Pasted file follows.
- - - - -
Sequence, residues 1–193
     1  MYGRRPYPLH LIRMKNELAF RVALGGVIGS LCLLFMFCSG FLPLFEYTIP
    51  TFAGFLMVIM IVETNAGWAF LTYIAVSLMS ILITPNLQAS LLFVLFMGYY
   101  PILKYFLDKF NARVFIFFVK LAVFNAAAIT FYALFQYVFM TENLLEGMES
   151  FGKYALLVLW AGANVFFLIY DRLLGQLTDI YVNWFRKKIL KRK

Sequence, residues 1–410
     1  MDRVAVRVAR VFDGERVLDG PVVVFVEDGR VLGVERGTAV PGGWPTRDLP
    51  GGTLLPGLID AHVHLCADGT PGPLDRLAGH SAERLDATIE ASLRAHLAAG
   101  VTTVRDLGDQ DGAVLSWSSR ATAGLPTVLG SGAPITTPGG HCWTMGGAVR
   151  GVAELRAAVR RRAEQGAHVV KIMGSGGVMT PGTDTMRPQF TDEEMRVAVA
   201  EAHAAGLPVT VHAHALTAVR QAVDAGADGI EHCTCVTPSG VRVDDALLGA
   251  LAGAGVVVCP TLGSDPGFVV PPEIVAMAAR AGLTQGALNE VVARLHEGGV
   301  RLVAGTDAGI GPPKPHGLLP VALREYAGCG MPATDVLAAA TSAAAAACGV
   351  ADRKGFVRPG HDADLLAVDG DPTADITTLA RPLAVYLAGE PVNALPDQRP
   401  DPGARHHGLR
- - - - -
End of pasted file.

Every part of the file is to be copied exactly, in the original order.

Sequence, residues 1–193
     1  MYGRRPYPLH LIRMKNELAF RVALGGVIGS LCLLFMFCSG FLPLFEYTIP
    51  TFAGFLMVIM IVETNAGWAF LTYIAVSLMS ILITPNLQAS LLFVLFMGYY
   101  PILKYFLDKF NARVFIFFVK LAVFNAAAIT FYALFQYVFM TENLLEGMES
   151  FGKYALLVLW AGANVFFLIY DRLLGQLTDI YVNWFRKKIL KRK

Sequence, residues 1–410
     1  MDRVAVRVAR VFDGERVLDG PVVVFVEDGR VLGVERGTAV PGGWPTRDLP
    51  GGTLLPGLID AHVHLCADGT PGPLDRLAGH SAERLDATIE ASLRAHLAAG
   101  VTTVRDLGDQ DGAVLSWSSR ATAGLPTVLG SGAPITTPGG HCWTMGGAVR
   151  GVAELRAAVR RRAEQGAHVV KIMGSGGVMT PGTDTMRPQF TDEEMRVAVA
   201  EAHAAGLPVT VHAHALTAVR QAVDAGADGI EHCTCVTPSG VRVDDALLGA
   251  LAGAGVVVCP TLGSDPGFVV PPEIVAMAAR AGLTQGALNE VVARLHEGGV
   301  RLVAGTDAGI GPPKPHGLLP VALREYAGCG MPATDVLAAA TSAAAAACGV
   351  ADRKGFVRPG HDADLLAVDG DPTADITTLA RPLAVYLAGE PVNALPDQRP
   401  DPGARHHGLR